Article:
The 2013/05/29 at 08:55
Marie Luginsland, in Germany
Never have so few Germans thought about becoming self-employed. Should this trend join the list of economic indicators, namely for the job market? According to the NOM EN ALLEMAND A AJOUTER (SME research institute), Germany recorded only 346,000 company creations in 2012, compared with 401,000 in 2011. This trend is confirmed by the number of interviews carried out by the Chambers of Commerce. In 2012, only 250,000 persons opened the doors of CCIs to obtain information on company creation, in other words, one-quarter the figure from one year earlier. Their numbers have even fallen by 28 % in the space of five years.
The DIHK, the federation of German Chambers of Commerce, recently publishing its 2012 statistics, is keen to explain this evolution by the healthiness of the job market. In March this year, the unemployment rate came to 7.3 %, in other words 3 million persons. However, in times of crisis, puts forward the DIHK, company creation stands out as a last-resort solution. In this country where unemployment benefits are only paid for a one-year period to under-50-year-olds and for a maximum of 2 years to people up to 58 years, the jobless prefer to become self-employed rather than depend on welfare.
Drop in “unintentional” company creators
The trend towards lower interest in setting up companies stands to continue according to DIHK statistics forecasting 345,000 new companies by the end of the year. An all-time low ever since the country’s reunification!
Every year, two-thirds of new companies are in the services and banking-insurance sectors, an option favoured by the jobless due to reduced investments required. However, the DIHK analysis shows a clear-cut disaffection for the transport and consultancy sectors, where CCIs have recorded 30 % fewer requests. For these categories of activity, it seems that the employee status is favoured whenever the unemployed person finds a new job opportunity.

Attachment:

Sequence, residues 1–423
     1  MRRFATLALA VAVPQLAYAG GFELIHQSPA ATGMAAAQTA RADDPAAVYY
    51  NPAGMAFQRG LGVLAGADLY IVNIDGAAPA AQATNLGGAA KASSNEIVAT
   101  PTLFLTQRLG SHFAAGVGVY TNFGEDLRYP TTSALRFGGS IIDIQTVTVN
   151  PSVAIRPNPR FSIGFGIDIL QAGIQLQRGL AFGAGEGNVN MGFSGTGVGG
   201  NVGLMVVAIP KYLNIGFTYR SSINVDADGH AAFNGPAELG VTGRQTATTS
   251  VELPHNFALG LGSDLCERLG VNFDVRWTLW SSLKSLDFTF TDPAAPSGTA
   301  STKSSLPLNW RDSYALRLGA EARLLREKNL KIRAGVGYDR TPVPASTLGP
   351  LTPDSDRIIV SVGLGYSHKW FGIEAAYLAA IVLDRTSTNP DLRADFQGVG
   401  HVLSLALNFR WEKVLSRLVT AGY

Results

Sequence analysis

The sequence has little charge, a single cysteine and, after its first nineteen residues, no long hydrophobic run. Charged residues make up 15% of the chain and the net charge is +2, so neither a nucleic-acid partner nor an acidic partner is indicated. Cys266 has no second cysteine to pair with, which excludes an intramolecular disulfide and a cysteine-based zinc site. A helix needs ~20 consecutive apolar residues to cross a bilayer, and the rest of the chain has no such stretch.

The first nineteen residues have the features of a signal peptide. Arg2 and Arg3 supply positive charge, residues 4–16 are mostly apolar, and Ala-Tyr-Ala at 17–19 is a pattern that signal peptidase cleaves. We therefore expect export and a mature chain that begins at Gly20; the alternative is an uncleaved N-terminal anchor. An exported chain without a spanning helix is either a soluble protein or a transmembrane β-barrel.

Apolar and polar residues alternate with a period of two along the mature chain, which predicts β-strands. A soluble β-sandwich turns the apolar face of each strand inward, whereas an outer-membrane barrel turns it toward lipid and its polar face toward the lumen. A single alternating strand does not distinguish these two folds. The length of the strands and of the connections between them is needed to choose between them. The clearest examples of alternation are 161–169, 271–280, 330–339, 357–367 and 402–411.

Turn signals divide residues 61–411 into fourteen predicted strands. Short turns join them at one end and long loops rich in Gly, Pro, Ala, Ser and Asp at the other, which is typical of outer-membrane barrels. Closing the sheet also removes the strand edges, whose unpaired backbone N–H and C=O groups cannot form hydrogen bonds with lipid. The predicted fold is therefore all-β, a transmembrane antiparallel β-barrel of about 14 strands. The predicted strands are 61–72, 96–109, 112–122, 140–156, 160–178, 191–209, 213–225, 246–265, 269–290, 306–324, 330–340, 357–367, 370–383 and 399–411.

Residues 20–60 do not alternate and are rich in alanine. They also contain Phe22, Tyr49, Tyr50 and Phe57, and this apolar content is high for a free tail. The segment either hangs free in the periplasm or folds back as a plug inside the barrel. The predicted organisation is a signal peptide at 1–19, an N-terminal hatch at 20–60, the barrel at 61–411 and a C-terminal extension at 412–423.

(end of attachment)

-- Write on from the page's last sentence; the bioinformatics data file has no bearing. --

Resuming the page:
In addition, the DIHK statistics show that the number of persons who set up companies wilfully is as great as the number who do so as they have no other solution. “We see company-creation candidates who take this decision out of conviction rather than frustration,” confirms Eric Schweitzer, President of the DIHK who is also enthusiastic about a slight increase in the industrial sector – 6 % compared with 4 % in 2010 – for company creations.
Research creates jobs
The President of the DIHK detects another positive tendency, the emergence in large cities of a very dynamic young start-up sector in the domain of new technologies and Internet. “Of course they only make up 3 % of all company creations in the last five years, but they create twice more jobs than average,” points out Eric Schweitzer.
This observation counters many widely accepted ideas. Indeed, although their staff numbers are low, the sectors of innovation and research have, thanks to their dynamism, a real impact on employment. In this way, a recent survey by the ZEW (Centre for European Economic Research) notes that the setting up of scientific companies generates 3.4 % more jobs than scientific labs in the sectors of industry and services.
These “spinoffs” spawned by universities or research centres not only increase their staff numbers more rapidly but also employ more people during their start-off phase: 6.8 employees compared with 5.1 by their counterparts in the industry or service sectors. On the basis that Germany has 1,200 new spinoffs every year, this represents an average of 5,300 new jobs every year.